Players who have flourished in the iconic No. 7 jersey at Manchester United have had three attributes in common: attitude, ability and aura.
George Best, Eric Cantona and David Beckham had them all. Cristiano Ronaldo even more so.
The question now is whether Memphis Depay – a rap-singing, tattoo-covered, hip-swerving 21-year-old winger from the Netherlands – can join the list of greats at England’s biggest club.
After just five games for Manchester United, the signs are encouraging.
He couldn’t have more attitude. A tattoo on the inside of his lower lip reads ”succesvol” (successful in Dutch), another across the top of his chest says ”Dream Chaser.” He drives a camouflage car, and he has starred in a rap song with Dutch group Rotterdam Airlines.
Then there’s the line he came out with soon after signing for Manchester United for 31 million pounds (then $48 million) in June.
”I want to be a legend at some time,” he said, straight-faced.
His ability isn’t in question, either. Depay arrived in England with many labelling him as the ”Dutch Ronaldo” after scoring 21 goals for PSV Eindhoven on its way to the title in his home country. He carved out a reputation as a set-piece specialist, with some of his goals from free kicks already hits on YouTube, and was one of three nominees for the Best Young Player award at last year’s World Cup.
Depay has already drawn gasps inside Manchester United with two long-distance strikes against Bruges in a Champions League qualifying match last week, his first goals for the club. He also delivered a pinpoint cross for a third goal that game, of which even Beckham would have been proud.
”He’s an exciting player, and Manchester United have been lacking an exciting player last year and the year before,” Paddy Crerand, a European Cup winner with United in 1968, told The Associated Press at the club’s training complex on Friday.
”He’ll get people on the edge of their seats. I wish there were a few more actually.”
It remains to be seen, though, whether the flamboyant Depay will come through as the real deal.
An aura takes time to develop, especially in a division as laden with stars as English Premier League, and Depay has only shown glimpses of his talent in his other four matches for United. A malfunctioning attack has only scored two goals in three league games and Depay has been guilty of wasting chances. On occasion, he looked to be trying too hard to live up to expectations.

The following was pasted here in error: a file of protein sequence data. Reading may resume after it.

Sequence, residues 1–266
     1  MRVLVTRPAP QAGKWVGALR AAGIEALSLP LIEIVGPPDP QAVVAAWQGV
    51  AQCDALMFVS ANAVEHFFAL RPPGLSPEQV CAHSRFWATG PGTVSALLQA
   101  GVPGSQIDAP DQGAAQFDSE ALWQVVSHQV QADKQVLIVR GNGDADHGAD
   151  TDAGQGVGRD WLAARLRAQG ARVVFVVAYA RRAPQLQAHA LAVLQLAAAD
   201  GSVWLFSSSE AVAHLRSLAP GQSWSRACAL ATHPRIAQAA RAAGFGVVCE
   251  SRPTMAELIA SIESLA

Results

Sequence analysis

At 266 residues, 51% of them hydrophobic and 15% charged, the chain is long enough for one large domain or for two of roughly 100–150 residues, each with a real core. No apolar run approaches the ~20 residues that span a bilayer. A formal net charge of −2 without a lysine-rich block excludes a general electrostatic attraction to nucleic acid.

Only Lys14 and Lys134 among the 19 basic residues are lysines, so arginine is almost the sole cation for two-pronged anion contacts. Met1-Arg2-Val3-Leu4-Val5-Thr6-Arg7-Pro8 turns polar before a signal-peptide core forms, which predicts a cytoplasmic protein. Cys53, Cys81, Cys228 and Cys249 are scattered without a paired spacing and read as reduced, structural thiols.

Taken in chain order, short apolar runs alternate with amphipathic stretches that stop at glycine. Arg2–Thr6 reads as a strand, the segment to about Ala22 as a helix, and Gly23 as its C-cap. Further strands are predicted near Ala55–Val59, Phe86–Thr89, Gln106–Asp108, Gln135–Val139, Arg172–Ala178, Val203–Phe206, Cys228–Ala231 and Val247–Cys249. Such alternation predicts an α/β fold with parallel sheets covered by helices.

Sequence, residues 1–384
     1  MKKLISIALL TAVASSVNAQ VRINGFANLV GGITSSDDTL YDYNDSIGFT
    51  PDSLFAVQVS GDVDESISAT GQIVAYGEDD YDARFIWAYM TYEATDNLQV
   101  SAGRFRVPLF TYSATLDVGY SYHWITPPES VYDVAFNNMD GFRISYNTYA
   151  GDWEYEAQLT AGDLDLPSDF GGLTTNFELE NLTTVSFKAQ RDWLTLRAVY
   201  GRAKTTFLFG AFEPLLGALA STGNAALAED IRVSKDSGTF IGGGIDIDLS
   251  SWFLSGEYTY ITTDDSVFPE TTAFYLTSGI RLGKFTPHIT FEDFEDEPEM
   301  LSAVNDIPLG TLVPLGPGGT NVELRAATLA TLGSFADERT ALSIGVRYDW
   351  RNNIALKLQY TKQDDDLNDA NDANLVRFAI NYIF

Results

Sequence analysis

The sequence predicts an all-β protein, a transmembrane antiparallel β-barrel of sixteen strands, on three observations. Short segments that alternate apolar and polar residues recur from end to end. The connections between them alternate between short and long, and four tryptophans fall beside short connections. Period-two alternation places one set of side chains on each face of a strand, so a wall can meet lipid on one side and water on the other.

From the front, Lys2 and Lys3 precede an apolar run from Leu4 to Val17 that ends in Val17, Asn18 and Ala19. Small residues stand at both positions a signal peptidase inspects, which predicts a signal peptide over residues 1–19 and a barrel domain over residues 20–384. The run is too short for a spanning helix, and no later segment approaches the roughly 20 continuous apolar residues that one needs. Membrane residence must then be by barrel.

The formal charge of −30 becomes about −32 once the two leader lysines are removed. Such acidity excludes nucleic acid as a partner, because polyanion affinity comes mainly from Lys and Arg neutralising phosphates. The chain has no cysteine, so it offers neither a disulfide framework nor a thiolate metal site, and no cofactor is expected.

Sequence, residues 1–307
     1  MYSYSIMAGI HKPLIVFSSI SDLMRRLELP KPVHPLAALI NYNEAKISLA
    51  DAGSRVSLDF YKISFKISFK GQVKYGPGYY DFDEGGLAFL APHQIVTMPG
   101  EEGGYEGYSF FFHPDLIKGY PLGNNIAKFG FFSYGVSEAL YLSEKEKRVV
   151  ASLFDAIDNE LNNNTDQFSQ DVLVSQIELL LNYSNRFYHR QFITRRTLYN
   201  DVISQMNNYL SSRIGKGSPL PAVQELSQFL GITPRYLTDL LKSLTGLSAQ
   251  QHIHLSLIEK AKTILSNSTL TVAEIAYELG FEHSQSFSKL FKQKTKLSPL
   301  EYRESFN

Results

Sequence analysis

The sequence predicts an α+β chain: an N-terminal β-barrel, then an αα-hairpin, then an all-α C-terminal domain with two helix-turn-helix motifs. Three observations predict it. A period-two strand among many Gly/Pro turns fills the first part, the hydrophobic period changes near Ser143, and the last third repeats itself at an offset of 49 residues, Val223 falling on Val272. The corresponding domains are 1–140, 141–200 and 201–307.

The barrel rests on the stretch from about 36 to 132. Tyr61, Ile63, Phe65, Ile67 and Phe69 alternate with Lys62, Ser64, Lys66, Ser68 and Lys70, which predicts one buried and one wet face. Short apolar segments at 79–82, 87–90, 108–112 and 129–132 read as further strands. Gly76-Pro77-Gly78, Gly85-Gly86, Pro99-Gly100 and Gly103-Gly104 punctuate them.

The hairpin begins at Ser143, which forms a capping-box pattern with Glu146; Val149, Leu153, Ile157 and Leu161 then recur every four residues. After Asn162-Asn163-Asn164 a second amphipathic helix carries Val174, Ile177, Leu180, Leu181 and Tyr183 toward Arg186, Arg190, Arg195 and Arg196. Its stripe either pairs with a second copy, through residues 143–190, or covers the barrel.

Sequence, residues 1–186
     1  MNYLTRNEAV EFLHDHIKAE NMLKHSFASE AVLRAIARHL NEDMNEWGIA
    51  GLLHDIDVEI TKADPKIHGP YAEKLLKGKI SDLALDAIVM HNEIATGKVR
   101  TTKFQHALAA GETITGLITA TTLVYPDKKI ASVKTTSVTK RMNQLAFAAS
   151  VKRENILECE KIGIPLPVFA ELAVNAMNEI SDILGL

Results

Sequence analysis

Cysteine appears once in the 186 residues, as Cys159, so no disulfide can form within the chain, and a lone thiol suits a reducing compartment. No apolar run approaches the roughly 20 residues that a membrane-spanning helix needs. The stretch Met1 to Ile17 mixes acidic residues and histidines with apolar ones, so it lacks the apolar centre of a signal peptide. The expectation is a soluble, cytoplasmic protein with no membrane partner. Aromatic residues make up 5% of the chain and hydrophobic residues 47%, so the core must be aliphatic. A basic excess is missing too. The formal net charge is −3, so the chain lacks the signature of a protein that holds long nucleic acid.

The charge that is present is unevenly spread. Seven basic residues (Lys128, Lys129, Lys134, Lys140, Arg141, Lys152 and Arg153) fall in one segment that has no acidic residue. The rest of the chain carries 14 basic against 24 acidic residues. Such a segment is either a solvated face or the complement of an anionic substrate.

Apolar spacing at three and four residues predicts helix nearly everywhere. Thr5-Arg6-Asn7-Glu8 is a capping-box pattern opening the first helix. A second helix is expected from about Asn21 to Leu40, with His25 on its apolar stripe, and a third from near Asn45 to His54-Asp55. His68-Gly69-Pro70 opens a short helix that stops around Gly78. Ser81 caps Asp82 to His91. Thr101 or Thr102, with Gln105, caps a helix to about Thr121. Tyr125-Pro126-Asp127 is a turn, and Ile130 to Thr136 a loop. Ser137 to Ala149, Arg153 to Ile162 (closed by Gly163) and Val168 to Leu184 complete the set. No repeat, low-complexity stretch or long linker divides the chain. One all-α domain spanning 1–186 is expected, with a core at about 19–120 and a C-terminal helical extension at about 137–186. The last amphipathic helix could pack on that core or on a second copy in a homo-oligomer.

He is only two years into his international career with the Netherlands, too.
Still, United manager Louis van Gaal, who also was the coach of the Netherlands at the World Cup, is convinced the player has what it takes.
”He is, I think, one of the greatest talents of his age,” Van Gaal has said, rare praise from a coach who doesn’t usually single out players.
Depay started the season in a central position behind striker Wayne Rooney, but has been switched to the left wing – his preferred position – and has looked more comfortable.
Both goals against Bruges came when he cut in from the left and shot on his right foot. He did so again in the second leg against Belgian side on Wednesday, this time slipping in a pass for Rooney to put away.
Depay appears to have the determination to succeed. He is single-minded, leaving home at age 12 to sign for PSV from Sparta Rotterdam. Because his father left the family when Depay was just 4, he prefers to have ”Memphis” on the back of his jersey than his surname.
”I have been through little situations,” Depay said. ”That makes me strong.”
Once United’s attacking play becomes more fluent, fans could be treated to more examples of the goal celebration Depay attempted after scoring against Bruges – an imitation of a dance move by American rapper, Silento.
The No. 7 shirt at Old Trafford can be a burden – just ask Angel Di Maria and, before him, Antonio Valencia – but Depay’s start to his United career suggests he’ll handle it.
”It’s an iconic number,” Crerand said, ”but I don’t think at 21 you give a damn, do you?”